Where do I start? Today’s dare has left me feeling very indignant. I am not pompous or proud (usually), and I certainly do not think of myself as better than others. But I must confess that I do have a generally good opinion of myself and a reasonably high self esteem. That is why this is considerably harder than the previous two dares. In fact, I am tempted to say that it is the hardest dare but I have not seen the rest; so only God (and Rosheeda) know what is coming next.

Like I mentioned in yesterday’s post, it is not so much the dares as the state of the heart while doing them. Without that heart-state, it is merely going through the motions. At this point, I am not sure I mind going through the motions too much. I think that is why God sort of took time out to pass a message across today, in the busy city of Kuala Lumpur.

Pavilion - Kuala Lumpur

My mum and I, driven by my brother decided to visit the heart of Kuala Lumpur. We went sight-seeing and generally hung out at the mall. On the way back, I brought out my phone and decided to do some catch-up listening to the Daily Audio Bible podcasts. The reading was from Joshua 10 and it was about the deception of the Gibeonites; when they tricked the Israelites into signing a peace treaty with them. When they were finally found out, they agreed to become servants of the Israelites (Let’s take a minute to note the word servant. OK).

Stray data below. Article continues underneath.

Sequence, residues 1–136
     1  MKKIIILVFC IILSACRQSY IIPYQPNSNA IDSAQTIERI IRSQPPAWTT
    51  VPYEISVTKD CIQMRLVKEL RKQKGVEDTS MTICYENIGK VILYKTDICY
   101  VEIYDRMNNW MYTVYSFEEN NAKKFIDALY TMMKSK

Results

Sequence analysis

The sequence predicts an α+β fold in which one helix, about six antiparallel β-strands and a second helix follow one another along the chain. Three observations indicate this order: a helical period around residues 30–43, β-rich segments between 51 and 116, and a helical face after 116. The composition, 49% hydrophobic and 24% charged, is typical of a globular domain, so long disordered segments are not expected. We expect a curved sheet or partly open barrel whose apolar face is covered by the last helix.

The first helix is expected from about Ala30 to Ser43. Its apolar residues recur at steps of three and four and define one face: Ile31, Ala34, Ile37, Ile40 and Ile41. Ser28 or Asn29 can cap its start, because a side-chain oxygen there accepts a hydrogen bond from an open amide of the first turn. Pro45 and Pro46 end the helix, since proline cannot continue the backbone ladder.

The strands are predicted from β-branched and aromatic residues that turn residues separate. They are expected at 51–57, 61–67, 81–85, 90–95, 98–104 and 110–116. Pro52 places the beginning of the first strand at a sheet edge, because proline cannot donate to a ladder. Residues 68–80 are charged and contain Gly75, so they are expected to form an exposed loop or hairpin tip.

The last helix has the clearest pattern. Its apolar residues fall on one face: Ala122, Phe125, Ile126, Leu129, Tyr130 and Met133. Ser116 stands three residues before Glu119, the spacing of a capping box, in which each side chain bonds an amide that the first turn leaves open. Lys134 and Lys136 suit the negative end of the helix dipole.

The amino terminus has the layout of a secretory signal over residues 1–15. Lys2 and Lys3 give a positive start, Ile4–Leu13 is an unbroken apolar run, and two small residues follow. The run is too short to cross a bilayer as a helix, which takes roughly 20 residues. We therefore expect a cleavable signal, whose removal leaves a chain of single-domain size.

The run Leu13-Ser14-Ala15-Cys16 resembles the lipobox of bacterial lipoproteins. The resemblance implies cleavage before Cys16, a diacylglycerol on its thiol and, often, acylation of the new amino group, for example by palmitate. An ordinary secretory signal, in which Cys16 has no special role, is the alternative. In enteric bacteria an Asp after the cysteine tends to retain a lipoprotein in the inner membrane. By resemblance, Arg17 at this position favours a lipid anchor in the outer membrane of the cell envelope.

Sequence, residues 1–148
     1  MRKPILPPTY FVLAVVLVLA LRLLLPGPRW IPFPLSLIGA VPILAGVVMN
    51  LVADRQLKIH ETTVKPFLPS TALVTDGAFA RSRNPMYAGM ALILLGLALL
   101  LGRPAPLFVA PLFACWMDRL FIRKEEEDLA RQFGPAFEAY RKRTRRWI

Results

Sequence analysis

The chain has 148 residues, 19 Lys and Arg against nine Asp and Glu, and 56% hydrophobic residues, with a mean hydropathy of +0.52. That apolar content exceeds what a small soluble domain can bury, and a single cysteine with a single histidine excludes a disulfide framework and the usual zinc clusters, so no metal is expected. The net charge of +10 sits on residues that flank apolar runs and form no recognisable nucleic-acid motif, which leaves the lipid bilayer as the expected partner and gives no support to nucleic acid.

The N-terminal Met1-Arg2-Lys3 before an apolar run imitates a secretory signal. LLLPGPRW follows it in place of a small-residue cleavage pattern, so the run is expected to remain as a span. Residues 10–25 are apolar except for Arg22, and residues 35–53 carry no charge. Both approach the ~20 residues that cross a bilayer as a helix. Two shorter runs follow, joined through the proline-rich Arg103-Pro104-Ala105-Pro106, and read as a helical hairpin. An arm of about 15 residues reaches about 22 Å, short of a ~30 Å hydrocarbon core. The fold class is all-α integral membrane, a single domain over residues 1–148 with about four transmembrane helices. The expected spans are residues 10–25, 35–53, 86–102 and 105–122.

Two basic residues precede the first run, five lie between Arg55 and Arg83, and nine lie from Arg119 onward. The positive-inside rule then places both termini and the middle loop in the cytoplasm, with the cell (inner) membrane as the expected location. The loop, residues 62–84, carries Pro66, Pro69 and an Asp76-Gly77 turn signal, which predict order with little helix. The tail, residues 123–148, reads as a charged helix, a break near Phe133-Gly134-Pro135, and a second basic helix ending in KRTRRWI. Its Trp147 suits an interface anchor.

What struck me about that passage though was the next part when one of the nearby kings heard about this peace treaty. His reaction was noted in Joshua 10:2 (NIV) –

He and his people were very much alarmed at this, because Gibeon was an important city, like one of the royal cities; it was larger than Ai, and all its men were good fighters.

I tried to understand why such men who were reputed to be ‘good fighters’ and who had the strength of numbers on their side would surrender even before battle. Why would they rather be servants than try their luck at the battle field? I did not get it. I was particularly entranced by the humility displayed by this people.

I knew there was a message but I could not seem to streamline it into coherent thought. So I shared with my mum and she gave me this Hausa proverb:

He who is patient will cook a stone and drink it’s broth.